The Supreme Court's narrow Monday decision allowing some companies to not offer contraceptive coverage for employees could have an impact on the November midterms.
The ruling is a polarizing one for Democrats and Republicans — and both sides have already tried to use it to their political advantage.
Republicans mostly support the court's decision, calling it a win for religious freedom and a major defeat for the president's health care overhaul law that required company health care plans to cover birth control. Democrats are using the decision to emphasize what they see as the GOP's unfriendly policies toward women.
That contrast could play out in three key ways in 2014 elections:
1. Fundraising Publicly, many Democrats expressed outrage with the court's ruling in the Hobby Lobby case. But privately, they acknowledged the decision will likely be a financial boon for the party in the coming days.
Minutes after the decision, Democratic organizations started to use it in their fundraising pleas.
"In 2014 we should not have to be fighting for access to birth control. A boss should never be able to tell an employee which medical care he or she can have," Sen. Kirsten Gillibrand, D-N.Y., wrote in a fundraising email for her Off the Sidelines political action committee that supports women running for office.
"With the Court's decision to restrict women's health care dominating the news, the press and political pundits will scrutinize our [Federal Election Commission] report to determine whether momentum is on our side," EMILY's List Executive Director Jess O'Connell wrote in a fundraising plea shortly after the Supreme Court decision.
Republicans will also be in a position to use the decision to raise funds from the party's base. But in recent cycles, Republicans have had less success with small-dollar donations than Democrats, especially in congressional races.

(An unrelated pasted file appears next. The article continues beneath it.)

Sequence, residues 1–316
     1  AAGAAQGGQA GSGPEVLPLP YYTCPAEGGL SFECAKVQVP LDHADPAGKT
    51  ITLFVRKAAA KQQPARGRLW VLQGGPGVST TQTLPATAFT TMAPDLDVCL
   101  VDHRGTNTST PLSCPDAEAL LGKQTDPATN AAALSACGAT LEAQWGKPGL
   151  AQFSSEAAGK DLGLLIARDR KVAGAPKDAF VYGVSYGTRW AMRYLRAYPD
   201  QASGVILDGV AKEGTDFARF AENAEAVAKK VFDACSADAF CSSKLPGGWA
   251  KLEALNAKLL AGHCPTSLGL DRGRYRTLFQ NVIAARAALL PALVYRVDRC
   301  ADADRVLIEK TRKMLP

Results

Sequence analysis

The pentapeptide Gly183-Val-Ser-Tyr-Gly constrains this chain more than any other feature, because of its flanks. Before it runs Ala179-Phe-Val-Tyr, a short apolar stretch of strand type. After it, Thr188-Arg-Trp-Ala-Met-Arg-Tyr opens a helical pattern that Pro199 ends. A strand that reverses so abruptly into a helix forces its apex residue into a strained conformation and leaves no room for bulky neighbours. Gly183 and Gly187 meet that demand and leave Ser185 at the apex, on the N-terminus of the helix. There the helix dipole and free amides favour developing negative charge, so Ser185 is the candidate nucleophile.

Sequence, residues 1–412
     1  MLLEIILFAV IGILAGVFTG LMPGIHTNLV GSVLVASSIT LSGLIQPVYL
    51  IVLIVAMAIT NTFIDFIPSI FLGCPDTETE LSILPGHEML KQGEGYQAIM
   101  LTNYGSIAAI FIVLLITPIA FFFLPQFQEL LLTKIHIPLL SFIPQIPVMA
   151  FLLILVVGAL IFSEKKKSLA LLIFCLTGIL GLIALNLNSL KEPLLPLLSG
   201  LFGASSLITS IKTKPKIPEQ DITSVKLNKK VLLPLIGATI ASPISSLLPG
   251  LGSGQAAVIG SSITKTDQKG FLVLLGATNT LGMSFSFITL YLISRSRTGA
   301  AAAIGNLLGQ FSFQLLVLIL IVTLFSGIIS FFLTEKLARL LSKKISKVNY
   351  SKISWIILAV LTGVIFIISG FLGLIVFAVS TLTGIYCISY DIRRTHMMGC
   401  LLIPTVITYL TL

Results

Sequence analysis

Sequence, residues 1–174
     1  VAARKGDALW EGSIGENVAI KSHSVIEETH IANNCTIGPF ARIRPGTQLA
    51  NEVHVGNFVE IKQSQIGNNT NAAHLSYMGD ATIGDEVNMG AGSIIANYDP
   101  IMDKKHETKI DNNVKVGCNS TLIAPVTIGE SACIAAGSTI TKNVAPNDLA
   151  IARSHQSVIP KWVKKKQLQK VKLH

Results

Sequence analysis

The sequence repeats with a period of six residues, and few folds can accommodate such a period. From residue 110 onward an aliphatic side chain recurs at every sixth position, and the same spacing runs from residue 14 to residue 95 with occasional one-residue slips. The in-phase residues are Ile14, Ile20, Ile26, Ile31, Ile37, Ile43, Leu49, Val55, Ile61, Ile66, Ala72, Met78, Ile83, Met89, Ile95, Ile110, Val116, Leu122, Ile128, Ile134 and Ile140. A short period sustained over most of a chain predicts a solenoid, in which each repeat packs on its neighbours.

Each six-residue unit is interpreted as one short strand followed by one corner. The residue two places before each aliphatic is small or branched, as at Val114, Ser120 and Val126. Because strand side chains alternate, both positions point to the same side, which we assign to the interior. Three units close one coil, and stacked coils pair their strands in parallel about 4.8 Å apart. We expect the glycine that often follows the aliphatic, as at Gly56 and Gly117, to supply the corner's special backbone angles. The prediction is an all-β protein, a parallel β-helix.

2. Female Voters Female voters have become an essential voting bloc. They helped deliver a victory for President Barack Obama in 2012, breaking for him by a 12-point margin . This cycle, Democrats have identified single female voters as a key electorate in many of their top congressional races.
Most Republicans support Monday's ruling, so Democrats will likely attempt to pin it to GOP candidates in competitive House and Senate races in states where large groups of single female voters have helped them before: Colorado, North Carolina, New Hampshire and Virginia.
"A woman's personal health decisions about choosing to use contraception and when to start a family should stay strictly between her and her doctor — not her boss," Sen. Mark Udall, D-Colo., said in a statement released after the decision. "The U.S. Supreme Court's decision unacceptably takes these choices out of doctors' offices and into the workplace."
Udall's opponent in the competitive Senate race, GOP Rep. Cory Gardner, said the court "made the right decision" but also called on the Food and Drug Administration to "make oral contraceptives available to adults without a prescription."
3. An Underscored Argument for Senate Control Republicans have worked to tie this cycle's most vulnerable Democrats to Obama, whose popularity has declined since his re-election in 2012.
Now the Hobby Lobby decision gives Democrats more ammunition for their argument that they should keep control of the Senate. Supreme Court nominations must be OK'd by that chamber.
The Democratic Senatorial Campaign Committee sent its own fundraising missive that warned, "We CAN’T let the GOP use this to steal the momentum, erase our lead, and take over the Senate. The consequences would be dire."
This cycle Democrats are playing defense in several competitive Senate contests in states such as North Carolina, New Hampshire, Virginia, Michigan and Iowa. Republicans must net six seats to win control of the Senate.
Related stories: Vulnerable Democrats Work to Mitigate VA Scandal Fallout Roll Call Election Map: Race Ratings for Every Seat Get breaking news alerts and more from Roll Call in your inbox or on your iPhone.